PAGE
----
Purported supremacists sentenced on gun convictionPosted: Updated:
PHOENIX (AP) -- Two members of a family who authorities say once tried to set up a whites-only nation in America were each sentenced to prison Monday for a federal firearm conviction arising out of an October raid at the family patriarch's northern Arizona ranch.
Kirby Keith Kehoe received the maximum 10-year sentence, while his adult son, Cheyne Christopher Kehoe, was sentenced to 3 years and 5 months in prison.
The elder Kehoe, who is physically frail and was brought into court in a wheelchair, made angry remarks after U.S. District Judge Murray Snow handed down the sentence.
"This is not justice," Kehoe said. "This is the reason people in the United States can no longer trust the government."
Authorities said they found more than a dozen guns, 15,000 rounds of ammunition and four ballistic vests during a Oct. 14 raid at the elder Kehoe's 40-acre property near Ash Fork, about 140 miles north of Phoenix. Both men admitted they possessed guns that were seized during the raid and had previous felony convictions that prohibited them from having firearms.
Their guilty pleas to being a felon in possession of firearms carry a maximum sentence of 10 years in prison. After Snow considered the circumstances of Cheyne Kehoe's case and life, the younger Kehoe faced nearly 3 1/2 years to 4 1/2 years in prison.
"I messed up," Cheyne Kehoe, 38, said shortly before his sentence was imposed. "I did the offense."
The Kehoe family has been well-known to law enforcement since the 1990s, when authorities say they provided weapons to white supremacists who committed robberies across the Midwest. Authorities also said the family was involved in a plot to overthrow the federal government and establish the Aryan Peoples Republic in the Pacific Northwest.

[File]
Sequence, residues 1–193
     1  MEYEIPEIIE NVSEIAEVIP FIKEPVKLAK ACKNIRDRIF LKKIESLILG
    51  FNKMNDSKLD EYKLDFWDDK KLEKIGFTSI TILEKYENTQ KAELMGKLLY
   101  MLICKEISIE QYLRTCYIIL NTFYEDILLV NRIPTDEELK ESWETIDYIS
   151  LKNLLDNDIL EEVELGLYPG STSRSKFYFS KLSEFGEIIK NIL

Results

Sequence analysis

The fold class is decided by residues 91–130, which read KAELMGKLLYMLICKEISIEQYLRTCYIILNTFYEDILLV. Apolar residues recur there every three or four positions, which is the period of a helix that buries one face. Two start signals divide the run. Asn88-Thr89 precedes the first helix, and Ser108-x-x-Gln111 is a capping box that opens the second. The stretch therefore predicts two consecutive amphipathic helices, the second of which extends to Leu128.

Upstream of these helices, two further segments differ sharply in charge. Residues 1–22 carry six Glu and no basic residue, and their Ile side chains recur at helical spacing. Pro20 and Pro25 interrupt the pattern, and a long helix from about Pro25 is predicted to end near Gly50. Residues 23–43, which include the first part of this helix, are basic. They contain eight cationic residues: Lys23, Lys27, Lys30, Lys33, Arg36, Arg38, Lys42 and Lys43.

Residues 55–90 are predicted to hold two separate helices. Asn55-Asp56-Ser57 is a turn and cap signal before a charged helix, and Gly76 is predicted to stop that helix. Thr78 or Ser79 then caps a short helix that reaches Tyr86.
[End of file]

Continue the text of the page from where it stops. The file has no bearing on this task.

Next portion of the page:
Another son, Chevie Kehoe, is serving a life sentence in federal prison for his role in the 1996 killings of an Arkansas gun dealer, his wife and their 8-year-old daughter as part of the plot.
Cheyne Kehoe was convicted of attempted murder in 1998 for his role in a shootout with Ohio police during a traffic stop northeast of Cincinnati. No officers were injured in the gun battle, but a passer-by was wounded by a bullet fragment.
Kirby Kehoe, who is in his 60s, said he was never the member of a white supremacist group and that such organizations led to his son's downfall.
The judge said the weapons found on the property emboldened the elder Kehoe as he grew marijuana on the property.
Kirby Kehoe was convicted of racketeering and possession of illegal weapons in a case related to the plot aimed at overthrowing the government. The elder Kehoe has maintained he was never involved in his sons' efforts to establish a whites-only nation and that he isn't a racist.
An attorney for Cheyne Kehoe has said his client has disavowed white supremacy.
Authorities said Cheyne Kehoe told them that his father had extreme anti-government views, a separatist mentality on race issues and that he actively was seeking to connect with others who have similar viewpoints. Cheyne Kehoe also told authorities that he believed his father would put those views into action when the government or societal order collapsed or if his health was failing to a point where he felt he had nothing else to lose.
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